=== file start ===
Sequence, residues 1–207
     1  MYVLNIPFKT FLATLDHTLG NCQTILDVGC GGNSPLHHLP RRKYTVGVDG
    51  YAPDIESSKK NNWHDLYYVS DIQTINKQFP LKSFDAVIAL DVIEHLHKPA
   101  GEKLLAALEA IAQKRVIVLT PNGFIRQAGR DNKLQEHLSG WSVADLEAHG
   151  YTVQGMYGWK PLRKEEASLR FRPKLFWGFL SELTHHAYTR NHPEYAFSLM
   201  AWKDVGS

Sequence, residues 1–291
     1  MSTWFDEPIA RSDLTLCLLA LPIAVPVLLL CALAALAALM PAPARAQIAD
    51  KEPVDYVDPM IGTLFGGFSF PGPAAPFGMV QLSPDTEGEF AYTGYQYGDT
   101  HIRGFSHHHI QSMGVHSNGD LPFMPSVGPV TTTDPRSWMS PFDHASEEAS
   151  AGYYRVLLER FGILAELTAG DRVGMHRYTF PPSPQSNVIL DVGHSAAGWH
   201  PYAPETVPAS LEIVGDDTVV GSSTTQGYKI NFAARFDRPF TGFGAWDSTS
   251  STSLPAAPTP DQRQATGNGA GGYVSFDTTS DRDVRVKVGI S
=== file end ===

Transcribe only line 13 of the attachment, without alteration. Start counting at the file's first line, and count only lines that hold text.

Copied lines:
   251  STSLPAAPTP DQRQATGNGA GGYVSFDTTS DRDVRVKVGI S